People not only want to live longer, but healthier, too
By Katherine Nichols, Honolulu Advertiser Staff Writer
Posted on: Thursday, March 29, 2001

[Passages: An occasional series of stories about the aging of the population, and about life's stages]

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Vitality. Strength. Energy. Beauty. In America, all of these are associated with youth.

Aging, however, which is analogous to wisdom in many cultures, has less pleasant connotations. Links on the National Institute of Aging Web site are enough to depress anyone inching into middle age: Forgetfulness. Menopause. Urinary incontinence. Osteoporosis. Hospital hints. Constipation. Arthritis advice. Cancer facts. Early Alzheimer's disease. Planning for long-term care.

Plug the word "longevity" into an Internet search engine, and you're likely to get more than 300,000 possible links. Clearly, living longer is a topic that interests many of us Ü especially the 600 million people in the world 60 and older.

The United Nations' population division and the Department of Economic and Social Affairs project that number to grow by the year 2050 to almost 2 billion. Older people will outnumber children for the first time in history.

The population is growing and shifting because people are living longer. But the one-time goal of merely living to 100 is not enough anymore. People want to know how they can stay healthy and independent as they grow older. And they're trying just about everything to accomplish this. However, while numerous studies involving rats or mice are enticing and suggestive, understanding what makes humans live longer Ü and better Ü remains a mystery.

Many believe that if you can re-create the chemistry you had as a young person by bringing your hormones into balance, this might extend your life span and extend your health, said Dr. Clif Arrington, a family practice physician and anti-aging specialist in Kealakekua on the Big Island.

"Some critics will say this hasn't been studied long enough, and that's true," he said. "It will be 40 to 50 years from now to have actual proof."

One hundred years ago, few people lived to be 100 years old. In fact, the life expectancy of Americans born in 1900 was 47 years. Today, about 50,000 Americans are 100 or older. Life expectancy rose about 30 years during the last century in industrialized countries because of lower death rates from infectious diseases, and it probably will continue to rise. Even so, people continually seek methods to extend their own lives.

However, most experts agree that these methods are largely unproven, and all agree that no treatment works for everyone. Diana Joy Ostroff, a naturopath and licensed acupuncturist, said people come to her and ask, "What can I take?"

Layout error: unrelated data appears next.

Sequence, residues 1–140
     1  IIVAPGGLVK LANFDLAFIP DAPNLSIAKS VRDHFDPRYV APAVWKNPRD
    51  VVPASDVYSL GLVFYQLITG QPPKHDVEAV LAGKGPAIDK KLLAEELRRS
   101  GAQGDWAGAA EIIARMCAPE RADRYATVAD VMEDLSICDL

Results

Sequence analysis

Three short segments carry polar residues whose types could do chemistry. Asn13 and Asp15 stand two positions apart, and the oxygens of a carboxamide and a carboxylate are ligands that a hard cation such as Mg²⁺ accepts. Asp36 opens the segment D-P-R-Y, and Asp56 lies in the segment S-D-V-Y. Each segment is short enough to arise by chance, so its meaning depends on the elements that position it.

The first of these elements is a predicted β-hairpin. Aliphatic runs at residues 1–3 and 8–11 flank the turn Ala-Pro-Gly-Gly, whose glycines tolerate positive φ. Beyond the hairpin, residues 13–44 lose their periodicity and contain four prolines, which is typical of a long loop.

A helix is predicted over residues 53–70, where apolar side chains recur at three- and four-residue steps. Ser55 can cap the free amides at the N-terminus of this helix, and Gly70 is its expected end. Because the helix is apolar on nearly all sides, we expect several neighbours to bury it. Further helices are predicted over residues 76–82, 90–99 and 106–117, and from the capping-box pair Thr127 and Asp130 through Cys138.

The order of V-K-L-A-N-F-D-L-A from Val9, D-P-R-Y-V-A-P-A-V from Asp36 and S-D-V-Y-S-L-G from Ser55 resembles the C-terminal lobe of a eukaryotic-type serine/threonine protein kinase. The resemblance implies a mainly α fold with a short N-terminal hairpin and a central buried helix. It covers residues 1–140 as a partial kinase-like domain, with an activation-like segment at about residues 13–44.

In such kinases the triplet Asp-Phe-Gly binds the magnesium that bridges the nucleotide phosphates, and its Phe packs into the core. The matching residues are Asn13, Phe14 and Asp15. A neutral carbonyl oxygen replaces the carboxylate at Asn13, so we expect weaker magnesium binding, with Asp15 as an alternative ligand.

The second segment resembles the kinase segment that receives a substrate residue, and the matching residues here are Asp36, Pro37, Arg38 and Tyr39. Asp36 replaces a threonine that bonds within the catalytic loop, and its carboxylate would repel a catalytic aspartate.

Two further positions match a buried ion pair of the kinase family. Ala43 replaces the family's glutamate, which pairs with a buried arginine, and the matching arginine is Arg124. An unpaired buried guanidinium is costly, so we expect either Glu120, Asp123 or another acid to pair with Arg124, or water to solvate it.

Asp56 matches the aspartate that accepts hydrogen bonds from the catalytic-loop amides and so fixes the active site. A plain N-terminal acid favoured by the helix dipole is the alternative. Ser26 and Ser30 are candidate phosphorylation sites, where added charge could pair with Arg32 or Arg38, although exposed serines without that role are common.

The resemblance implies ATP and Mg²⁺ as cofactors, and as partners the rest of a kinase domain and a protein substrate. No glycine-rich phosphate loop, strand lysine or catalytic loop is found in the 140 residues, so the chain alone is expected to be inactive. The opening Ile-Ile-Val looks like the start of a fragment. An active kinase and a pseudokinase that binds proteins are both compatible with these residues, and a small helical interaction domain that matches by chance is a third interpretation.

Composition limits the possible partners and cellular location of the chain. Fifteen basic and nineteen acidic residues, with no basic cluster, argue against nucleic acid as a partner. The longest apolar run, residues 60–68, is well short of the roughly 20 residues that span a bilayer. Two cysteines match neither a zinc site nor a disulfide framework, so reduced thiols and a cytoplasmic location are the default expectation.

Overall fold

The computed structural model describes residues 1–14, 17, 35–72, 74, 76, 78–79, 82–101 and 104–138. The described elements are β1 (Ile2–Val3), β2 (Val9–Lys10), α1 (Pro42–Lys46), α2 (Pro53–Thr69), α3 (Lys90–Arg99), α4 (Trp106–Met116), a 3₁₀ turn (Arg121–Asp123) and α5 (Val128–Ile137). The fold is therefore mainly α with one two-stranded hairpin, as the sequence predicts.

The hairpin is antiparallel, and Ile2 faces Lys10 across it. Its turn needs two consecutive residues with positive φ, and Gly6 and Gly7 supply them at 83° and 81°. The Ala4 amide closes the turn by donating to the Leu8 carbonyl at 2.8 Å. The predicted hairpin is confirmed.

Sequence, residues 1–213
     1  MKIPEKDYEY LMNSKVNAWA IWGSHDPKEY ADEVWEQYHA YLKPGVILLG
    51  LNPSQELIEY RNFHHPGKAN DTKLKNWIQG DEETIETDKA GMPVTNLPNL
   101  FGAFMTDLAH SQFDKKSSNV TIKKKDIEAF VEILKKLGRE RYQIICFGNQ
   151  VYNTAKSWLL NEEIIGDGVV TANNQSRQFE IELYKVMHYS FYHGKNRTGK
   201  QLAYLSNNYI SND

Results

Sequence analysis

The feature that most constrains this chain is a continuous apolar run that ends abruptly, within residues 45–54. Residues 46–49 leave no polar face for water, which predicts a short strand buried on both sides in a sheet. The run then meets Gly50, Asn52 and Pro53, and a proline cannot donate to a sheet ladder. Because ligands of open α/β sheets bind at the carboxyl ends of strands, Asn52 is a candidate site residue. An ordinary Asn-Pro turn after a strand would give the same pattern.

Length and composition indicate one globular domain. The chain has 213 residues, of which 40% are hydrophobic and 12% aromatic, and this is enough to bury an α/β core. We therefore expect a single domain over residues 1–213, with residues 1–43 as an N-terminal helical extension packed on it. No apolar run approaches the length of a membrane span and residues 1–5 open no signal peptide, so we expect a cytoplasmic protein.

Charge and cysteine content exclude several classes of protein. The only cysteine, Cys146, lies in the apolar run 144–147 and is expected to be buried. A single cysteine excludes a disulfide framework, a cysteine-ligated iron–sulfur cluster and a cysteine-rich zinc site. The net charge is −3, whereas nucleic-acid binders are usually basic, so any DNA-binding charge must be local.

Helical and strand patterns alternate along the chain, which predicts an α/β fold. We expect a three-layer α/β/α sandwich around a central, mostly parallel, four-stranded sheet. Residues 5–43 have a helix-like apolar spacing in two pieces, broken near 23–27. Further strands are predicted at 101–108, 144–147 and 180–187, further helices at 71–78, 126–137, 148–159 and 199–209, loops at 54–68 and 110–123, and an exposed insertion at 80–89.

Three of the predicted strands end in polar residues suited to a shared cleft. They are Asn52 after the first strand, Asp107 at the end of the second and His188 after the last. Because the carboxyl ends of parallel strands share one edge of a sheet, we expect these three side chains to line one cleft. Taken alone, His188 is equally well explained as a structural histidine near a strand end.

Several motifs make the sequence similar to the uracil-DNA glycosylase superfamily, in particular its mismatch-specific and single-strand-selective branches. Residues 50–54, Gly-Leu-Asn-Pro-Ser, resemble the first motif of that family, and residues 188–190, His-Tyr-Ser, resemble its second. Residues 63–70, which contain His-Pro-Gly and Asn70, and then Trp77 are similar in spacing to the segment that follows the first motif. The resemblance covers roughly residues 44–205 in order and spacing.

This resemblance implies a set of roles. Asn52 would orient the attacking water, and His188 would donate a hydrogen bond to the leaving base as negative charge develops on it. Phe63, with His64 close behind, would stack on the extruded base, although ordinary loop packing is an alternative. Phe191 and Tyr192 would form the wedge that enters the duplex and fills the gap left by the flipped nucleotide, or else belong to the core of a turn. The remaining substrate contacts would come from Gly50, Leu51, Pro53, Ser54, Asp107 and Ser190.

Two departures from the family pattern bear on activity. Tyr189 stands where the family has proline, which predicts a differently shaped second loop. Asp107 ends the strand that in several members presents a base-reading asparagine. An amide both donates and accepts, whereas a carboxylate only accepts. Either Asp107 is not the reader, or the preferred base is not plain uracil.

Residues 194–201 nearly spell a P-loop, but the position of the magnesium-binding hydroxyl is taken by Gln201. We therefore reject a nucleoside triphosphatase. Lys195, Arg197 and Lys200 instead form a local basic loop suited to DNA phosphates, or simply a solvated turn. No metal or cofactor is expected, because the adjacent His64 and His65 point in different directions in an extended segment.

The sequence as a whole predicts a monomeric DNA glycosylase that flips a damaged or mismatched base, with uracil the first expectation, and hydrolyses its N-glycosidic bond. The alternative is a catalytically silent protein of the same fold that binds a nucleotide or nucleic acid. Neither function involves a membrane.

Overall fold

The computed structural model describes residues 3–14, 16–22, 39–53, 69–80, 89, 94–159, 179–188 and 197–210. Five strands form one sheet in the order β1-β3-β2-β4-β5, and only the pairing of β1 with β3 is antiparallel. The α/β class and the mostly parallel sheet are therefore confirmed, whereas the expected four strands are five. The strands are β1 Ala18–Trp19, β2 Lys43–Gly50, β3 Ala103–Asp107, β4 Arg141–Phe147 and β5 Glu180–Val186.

Her answer? "(Feeling better and slowing the aging process) is not about what you can take; it's about what you can do."

Nutrition, for instance, "has to be specific to each person. We all have different needs for energy sources." While Ostroff employs natural hormones in some treatments, she said, "very infrequently do I start with a hormone, because there are so many gentler ways to start healing the body."

Some experts think the focus on hormones and other supposed life extenders is misguided. S. Jay Olshansky, a biostatistician at the University of Illinois at Chicago, said in a Washington Post article, "The bodies we have are not made for extended use. We must cope with accumulated DNA damage, cell damage, muscle atrophy, bone loss, decreased muscle mass and joints worn out from overuse during a lifetime of bipedal locomotion."

Olshansky advises people to reduce "age accelerators" like tobacco, obesity, alcohol consumption, lots of sun exposure, and drug and medication use. His findings indicate that hormones and antioxidants are not making much difference in longevity.

He said that regular exercise and a good diet can achieve the same results at less expense. Recent evidence suggests that good health may be extended and disability delayed by at least seven years if people stop smoking, maintain an appropriate weight and remain physically active.

This is Jan Newhart's philosophy. Newhart, 73, cross-trains every day and is preparing to race in her 11th Tinman this July.

"I try to watch my diet," she said. "I don't eat much meat. I eat quite a few nuts, I use olive oil and canola oil a lot. And lots of vegetables and fruits."

She does take a multivitamin, a small amount of B12, and glucosamine for the arthritis in her hands. But she is careful: "I'm pretty conservative about the extra stuff I take. I feel that I eat such a wide variety of foods, I'm probably getting most of the healthy stuff we're supposed to get."

Such caution seems justified. Little hard information is available on supplements sold in health food stores and pharmacies; the National Institute on Aging said the advertising claims that certain chemicals and supplements can extend life are "very much exaggerated."